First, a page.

I'm trying to think of any examples where I've seen both www and non-www pages from the same site returned in the SERPs - ie, examples.com/pages.html and www.example.com/other-page.html. I don't think that happens

It happens if
#1 there exist links to both forms of the sitename
and
#2 the site owner has not checked the box in WMT specifying which form they want to use in indexes

On #1: all it takes is one page. Once the googlebot is on, say, example.com/widget.html instead of the preferred www.example.com/widget.html, it will then follow all internal links from that page and duly record them as example.com/all-other-pages-on-the-site

As far as anyone knows,
example.com/widget.html = www.example.com/widget.html
is just as much Duplicate Content as
www.example.com/widget.html = www.example.com/foobar.html
1:34 am on Jan 31, 2013 (gmt 0)



So I'm hearing that verifying the canonical version in WMT should sort everything out (if it wouldn't on it's own, anyway). And that then it shouldn't matter if the URL used in Author verification is www or non-wwww.

Do same rules apply for Author verification on something like www.domain.com/category/index.html (versus www.domain.com/category/)? I would assume it would just get sorted out.
3:44 pm on Jan 31, 2013 (gmt 0)

WebmasterWorld Senior Member 10+ Year Member



The most important point is that best practice is to choose a canonical domain for your site by making sure your server responds with 301 redirects for all non-canonical versions of your domain name. This insures that all of the search engines understand your preferred URL, and will also (eventually) resolve non-canonical URLs that may have been previously indexed. Many people also recommend installing 301 redirects for the index-dot-whatever URLs. You're right that the search engines generally handle those URLs without any help, but I respect those who recommend the redirects so I wouldn't quibble.

As to Author Verification, once you have effective canonicalization in place, you only need to verify the canonical URLs because those are the only URLs in the index and are the only URLs users will ever see in the search results.
10:09 pm on Jan 31, 2013 (gmt 0)

WebmasterWorld Administrator ergophobe is a WebmasterWorld Top Contributor of All Time 10+ Year Member Top Contributors Of The Month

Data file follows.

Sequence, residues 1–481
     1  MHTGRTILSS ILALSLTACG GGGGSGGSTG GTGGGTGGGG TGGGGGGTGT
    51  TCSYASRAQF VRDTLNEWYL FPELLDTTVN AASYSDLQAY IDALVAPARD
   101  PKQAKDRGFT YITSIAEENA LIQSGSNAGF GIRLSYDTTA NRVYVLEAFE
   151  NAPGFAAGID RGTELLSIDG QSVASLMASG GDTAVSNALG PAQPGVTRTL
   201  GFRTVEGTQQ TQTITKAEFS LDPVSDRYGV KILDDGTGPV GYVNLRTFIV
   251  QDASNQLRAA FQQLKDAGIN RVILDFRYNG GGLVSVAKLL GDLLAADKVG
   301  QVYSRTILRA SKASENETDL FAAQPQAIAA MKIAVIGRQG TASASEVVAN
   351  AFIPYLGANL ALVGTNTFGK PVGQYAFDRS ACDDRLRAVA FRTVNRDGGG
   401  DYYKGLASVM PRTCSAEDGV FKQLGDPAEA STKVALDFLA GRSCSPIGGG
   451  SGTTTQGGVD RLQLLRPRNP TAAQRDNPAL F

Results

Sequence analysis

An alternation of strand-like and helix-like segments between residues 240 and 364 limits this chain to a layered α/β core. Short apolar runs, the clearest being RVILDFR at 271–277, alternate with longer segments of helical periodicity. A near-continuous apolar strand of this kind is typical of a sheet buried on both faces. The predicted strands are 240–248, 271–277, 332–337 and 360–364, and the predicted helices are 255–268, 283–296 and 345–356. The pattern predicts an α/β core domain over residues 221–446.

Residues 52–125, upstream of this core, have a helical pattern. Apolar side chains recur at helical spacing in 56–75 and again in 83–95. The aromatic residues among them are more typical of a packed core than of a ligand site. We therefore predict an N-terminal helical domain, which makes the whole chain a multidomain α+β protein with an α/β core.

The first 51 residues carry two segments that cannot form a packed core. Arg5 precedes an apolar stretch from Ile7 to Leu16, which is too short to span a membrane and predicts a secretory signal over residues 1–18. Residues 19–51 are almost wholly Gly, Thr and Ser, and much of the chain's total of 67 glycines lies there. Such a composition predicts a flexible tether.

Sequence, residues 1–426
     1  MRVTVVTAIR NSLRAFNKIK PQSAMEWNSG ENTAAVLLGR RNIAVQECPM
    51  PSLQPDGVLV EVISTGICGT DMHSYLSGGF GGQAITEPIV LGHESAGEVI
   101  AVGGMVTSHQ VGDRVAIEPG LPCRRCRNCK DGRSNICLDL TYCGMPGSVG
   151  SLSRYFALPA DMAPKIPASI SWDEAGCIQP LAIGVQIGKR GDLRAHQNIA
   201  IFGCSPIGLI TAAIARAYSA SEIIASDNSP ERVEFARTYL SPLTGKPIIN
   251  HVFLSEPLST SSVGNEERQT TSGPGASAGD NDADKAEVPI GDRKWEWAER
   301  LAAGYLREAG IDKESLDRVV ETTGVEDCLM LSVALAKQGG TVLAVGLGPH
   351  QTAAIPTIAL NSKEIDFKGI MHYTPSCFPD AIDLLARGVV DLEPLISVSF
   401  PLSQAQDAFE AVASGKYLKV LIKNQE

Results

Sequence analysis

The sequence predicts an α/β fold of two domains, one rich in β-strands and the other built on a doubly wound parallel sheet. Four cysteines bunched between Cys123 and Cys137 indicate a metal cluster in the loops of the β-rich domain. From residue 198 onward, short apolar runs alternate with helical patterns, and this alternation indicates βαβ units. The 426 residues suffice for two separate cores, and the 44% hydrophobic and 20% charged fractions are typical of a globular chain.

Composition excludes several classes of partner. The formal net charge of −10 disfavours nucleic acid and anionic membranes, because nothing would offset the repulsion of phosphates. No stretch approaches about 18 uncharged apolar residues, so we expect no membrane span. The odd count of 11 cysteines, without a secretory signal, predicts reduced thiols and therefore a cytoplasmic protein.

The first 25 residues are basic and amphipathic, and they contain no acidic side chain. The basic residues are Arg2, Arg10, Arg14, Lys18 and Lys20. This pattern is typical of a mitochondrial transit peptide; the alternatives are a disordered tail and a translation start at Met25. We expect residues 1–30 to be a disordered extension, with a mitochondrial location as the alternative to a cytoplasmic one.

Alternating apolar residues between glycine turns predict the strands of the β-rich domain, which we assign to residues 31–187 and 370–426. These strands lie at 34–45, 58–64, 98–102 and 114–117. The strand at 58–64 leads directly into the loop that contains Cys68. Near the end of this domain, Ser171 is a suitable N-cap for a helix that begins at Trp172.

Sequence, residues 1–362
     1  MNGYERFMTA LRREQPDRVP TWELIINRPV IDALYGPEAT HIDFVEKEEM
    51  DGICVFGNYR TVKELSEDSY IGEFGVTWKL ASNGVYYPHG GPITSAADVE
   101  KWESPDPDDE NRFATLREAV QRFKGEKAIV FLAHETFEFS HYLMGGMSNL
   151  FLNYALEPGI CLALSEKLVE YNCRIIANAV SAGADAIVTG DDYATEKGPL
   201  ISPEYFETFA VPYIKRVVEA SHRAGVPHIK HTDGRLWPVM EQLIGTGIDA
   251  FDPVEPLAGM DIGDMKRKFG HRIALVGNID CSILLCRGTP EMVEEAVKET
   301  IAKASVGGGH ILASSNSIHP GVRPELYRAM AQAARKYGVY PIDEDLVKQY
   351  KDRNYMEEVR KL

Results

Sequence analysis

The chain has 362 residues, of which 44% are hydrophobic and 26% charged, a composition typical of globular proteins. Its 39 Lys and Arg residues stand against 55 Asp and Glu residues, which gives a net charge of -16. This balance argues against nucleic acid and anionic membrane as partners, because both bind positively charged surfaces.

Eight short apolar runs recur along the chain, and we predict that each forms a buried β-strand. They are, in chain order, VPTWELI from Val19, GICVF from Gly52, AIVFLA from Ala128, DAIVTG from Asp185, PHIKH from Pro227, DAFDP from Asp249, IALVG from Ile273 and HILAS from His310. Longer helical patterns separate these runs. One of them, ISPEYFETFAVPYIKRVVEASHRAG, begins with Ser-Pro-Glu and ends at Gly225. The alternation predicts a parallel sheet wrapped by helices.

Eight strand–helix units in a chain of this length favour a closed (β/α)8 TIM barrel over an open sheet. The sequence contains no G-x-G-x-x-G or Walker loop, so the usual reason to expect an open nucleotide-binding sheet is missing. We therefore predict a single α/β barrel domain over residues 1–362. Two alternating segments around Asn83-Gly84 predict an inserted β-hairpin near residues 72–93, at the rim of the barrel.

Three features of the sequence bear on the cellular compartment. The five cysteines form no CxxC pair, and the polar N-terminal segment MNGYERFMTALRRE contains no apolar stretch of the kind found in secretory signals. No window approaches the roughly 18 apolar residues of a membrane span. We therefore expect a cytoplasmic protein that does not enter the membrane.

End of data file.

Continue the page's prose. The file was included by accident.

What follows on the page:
I wouldn't count on WMT sorting everything out.

My point was that I'm seeing a lot of amateur sites (even though usually created by a "professional web designer") that have the same pages listed with and without the www and that you see this if you do a site:example.com search and compare it to site:www.example.com

If you give Google at least a clue or two - WMT and having consistent internal linking - it will usually sort things out for you. If you don't give it some help, it will definitely NOT sort it out for you. But I think you shoudl get as many cues correct as possible.
11:32 pm on Jan 31, 2013 (gmt 0)

WebmasterWorld Senior Member lucy24 is a WebmasterWorld Top Contributor of All Time Top Contributors Of The Month



I'm seeing a lot of amateur sites (even though usually created by a "professional web designer") that have the same pages listed with and without the www and that you see this if you do a site:example.com search and compare it to site:www.example.com

Site design has nothing to do with it. The with/without www. element happens at the hosting level unless you've explicitly taken one or both of two actions:

--Tell the host to redirect to your preferred form (there's usually a click button somewhere) -- the easiest way, though it can lead to duplicate redirects since it happens before the request reaches your site

--Include a redirect in your own htaccess to canonicalize the domain name.

When you're talking amateur sites-- or even small-to-mid-sized professional ones-- you have to assume shared hosting. But your average amateur-- or even {et cetera}-- doesn't know from search engines and Duplicate Content. They're more likely to think it's a convenience to the user, letting them get to the site by whichever name they happen to prefer.